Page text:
US firms still see profit opportunities

Huang Yixuan
Despite concerns over trade tensions and tariffs, American companies still see opportunities to bolster profits this year, according to the latest survey.
Huang Yixuan

Despite concerns over US-China trade tensions and tariffs, American companies still see opportunities to bolster profits, according to a report by the American Chamber of Commerce in Shanghai released on Wednesday.

Some 76.8 percent of US companies in China reported profits last year, similar to previous years. Logistics companies all posted profits, as did 93.3 percent of chemical firms and 89.9 percent of pharmaceuticals, medical devices and life sciences firms.

The outlook for 2019 has dimmed though, with only 50.5 percent of companies expecting revenue to beat their 2018 numbers. 

Given that no resolution to the trade war was in sight when the survey was taken (from June 27 to July 25), five-year optimism unsurprisingly dropped for the first time since 2015 — only 61.4 percent of companies were optimistic about the five-year business outlook, a decrease of 19 percentage points from the previous year.

US companies still see opportunities, however, with 59.2 percent of respondents saying that increased consumption will be the top factor to benefit their industry in the next three to five years.

Similarly, 40 percent of those increasing their investment in China in 2019 report doing so due to the growth potential of the Chinese market.

"The allure of a growing consumption story keeps many here, but others are looking elsewhere," said Eric Zheng, chairman of AmCham Shanghai. "If China improved market access for foreign companies and made the regulatory environment more predictable, it could bolster the case for US companies to stay."

Respondents reported an improving regulatory environment, and that the operational environment for foreign companies also showed significant signs of progress. 

"Our members have seen improvements in the level of corruption and fraud in China, and some progress in the protection of intellectual property," said Ker Gibbs, AmCham Shanghai's president.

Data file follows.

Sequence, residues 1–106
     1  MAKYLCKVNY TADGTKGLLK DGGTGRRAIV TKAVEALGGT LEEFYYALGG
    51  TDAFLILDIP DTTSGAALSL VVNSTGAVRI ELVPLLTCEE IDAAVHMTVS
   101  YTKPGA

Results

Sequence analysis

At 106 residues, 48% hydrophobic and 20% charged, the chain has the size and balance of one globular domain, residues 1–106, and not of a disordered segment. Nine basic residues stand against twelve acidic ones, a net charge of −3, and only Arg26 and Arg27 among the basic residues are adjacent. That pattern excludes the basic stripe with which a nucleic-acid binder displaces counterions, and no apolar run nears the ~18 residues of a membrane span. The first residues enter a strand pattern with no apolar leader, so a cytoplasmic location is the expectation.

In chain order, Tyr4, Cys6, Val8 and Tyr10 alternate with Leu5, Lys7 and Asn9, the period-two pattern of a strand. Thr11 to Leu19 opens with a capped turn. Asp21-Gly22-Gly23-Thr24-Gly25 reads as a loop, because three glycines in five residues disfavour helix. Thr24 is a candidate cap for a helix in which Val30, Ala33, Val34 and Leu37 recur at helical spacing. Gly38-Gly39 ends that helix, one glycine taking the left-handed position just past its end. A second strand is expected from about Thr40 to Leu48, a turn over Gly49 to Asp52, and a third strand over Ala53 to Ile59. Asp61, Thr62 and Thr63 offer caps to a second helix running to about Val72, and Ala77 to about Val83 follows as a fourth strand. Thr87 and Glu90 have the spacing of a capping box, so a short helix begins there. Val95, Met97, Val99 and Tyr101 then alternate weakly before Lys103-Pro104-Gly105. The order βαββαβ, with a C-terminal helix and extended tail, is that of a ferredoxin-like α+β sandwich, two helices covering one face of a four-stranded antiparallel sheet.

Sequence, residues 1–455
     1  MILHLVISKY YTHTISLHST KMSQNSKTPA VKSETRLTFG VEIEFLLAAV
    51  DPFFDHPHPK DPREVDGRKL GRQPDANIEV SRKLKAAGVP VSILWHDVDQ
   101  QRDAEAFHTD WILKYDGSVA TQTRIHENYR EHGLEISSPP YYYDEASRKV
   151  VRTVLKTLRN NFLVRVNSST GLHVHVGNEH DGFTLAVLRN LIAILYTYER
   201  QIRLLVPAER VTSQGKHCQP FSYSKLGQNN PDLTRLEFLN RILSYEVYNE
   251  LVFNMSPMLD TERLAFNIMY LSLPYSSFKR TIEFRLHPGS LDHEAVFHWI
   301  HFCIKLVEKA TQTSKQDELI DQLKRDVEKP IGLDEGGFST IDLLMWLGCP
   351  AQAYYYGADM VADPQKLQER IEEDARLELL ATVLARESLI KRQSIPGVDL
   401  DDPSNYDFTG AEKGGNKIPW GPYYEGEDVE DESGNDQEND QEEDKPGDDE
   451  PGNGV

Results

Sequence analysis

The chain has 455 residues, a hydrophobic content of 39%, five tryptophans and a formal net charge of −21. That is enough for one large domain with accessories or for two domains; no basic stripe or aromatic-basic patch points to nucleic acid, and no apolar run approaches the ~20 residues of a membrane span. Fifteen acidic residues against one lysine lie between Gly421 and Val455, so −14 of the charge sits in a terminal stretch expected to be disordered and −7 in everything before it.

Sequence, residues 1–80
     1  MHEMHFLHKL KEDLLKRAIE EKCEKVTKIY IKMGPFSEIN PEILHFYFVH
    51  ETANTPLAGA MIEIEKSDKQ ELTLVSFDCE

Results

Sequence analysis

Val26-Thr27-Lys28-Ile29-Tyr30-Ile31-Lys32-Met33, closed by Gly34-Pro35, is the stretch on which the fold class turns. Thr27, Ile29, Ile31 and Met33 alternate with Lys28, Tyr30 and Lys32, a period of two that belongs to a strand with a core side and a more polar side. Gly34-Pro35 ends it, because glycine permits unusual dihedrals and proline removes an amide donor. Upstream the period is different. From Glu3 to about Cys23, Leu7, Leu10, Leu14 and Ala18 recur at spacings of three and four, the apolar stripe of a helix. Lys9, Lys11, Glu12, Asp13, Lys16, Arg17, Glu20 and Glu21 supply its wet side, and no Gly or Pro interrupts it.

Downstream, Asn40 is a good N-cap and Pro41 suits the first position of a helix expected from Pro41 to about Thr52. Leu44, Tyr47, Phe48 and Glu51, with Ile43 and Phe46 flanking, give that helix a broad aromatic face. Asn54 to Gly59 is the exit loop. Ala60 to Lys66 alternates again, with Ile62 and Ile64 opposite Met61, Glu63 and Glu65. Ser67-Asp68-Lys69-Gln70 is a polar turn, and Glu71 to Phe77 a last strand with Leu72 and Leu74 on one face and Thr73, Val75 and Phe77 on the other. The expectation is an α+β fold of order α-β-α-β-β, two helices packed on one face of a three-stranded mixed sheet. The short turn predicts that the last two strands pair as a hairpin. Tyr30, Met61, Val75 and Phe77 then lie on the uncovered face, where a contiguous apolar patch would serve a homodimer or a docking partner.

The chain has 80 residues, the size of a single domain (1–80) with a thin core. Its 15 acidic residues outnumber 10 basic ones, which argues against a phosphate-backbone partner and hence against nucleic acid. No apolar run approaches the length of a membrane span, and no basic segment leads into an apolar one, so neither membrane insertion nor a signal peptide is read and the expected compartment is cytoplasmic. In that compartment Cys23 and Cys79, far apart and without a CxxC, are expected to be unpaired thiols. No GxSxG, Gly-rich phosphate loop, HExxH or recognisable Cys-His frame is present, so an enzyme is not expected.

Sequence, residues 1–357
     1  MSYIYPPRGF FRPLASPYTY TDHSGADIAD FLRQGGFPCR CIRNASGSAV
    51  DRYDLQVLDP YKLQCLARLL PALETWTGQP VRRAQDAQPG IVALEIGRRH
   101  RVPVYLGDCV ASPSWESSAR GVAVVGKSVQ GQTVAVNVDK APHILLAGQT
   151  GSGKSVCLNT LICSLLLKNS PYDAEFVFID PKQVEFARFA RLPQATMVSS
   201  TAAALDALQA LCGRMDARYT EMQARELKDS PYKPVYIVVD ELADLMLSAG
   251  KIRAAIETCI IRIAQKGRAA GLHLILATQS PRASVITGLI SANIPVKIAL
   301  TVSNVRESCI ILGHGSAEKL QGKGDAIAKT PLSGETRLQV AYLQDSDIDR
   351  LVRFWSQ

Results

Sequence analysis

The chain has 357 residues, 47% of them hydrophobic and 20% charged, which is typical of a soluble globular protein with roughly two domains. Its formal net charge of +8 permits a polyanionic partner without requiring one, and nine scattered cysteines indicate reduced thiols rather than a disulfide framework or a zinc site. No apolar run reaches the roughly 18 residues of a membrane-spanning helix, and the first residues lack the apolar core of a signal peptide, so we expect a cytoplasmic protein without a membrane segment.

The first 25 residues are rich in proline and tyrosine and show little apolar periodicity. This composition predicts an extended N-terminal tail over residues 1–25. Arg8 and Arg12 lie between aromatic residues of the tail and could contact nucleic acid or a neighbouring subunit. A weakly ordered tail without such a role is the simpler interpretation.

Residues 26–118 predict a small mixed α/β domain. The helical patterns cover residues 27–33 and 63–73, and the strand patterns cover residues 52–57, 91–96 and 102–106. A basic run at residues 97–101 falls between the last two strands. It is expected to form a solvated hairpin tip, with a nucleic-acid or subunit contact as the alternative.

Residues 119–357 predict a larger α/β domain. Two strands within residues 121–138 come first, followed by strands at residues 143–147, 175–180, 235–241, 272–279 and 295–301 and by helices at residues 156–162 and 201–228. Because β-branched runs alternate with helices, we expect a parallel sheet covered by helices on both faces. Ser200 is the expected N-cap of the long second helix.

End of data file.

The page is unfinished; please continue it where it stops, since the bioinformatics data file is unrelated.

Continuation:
Inefficient government bureaucracy was down 22.0 percentage points, and corruption and fraud was down 20.4 percentage points, according to the survey. Meanwhile, nearly all the regulatory issues that most concern AmCham members, such as transparency, forced technology transfers and procurement practices, had improved.

"However, 57 percent of companies still view a lack of intellectual property rights protection as a hindrance to their businesses and over a third limit their investment innovation and IP as a direct result," Gibbs said.

Some 35.6 percent of survey respondents see US-China trade tensions continuing for one to three years, while 12.7 percent expect them to continue for three to five years. 

Seventy-five percent of respondents expressed their opposition to the use of tariffs.

Gibbs said US companies can prosper in China but tariffs and trade tensions were eroding their profits and investment. These are the very same businesses whose operations in China have added to US job numbers, he said. 

"If the US continues to use tariffs as the primary tool for achieving its trade and investment aims, we risk not only US jobs and company profits, but also giving up market share in China to European and other international competitors," he said. "That market share will be hard to win back."

The annual survey, one of the longest running surveys of US business in China, was conducted with support from PwC China. This year 333 AmCham Shanghai members responded to the survey.

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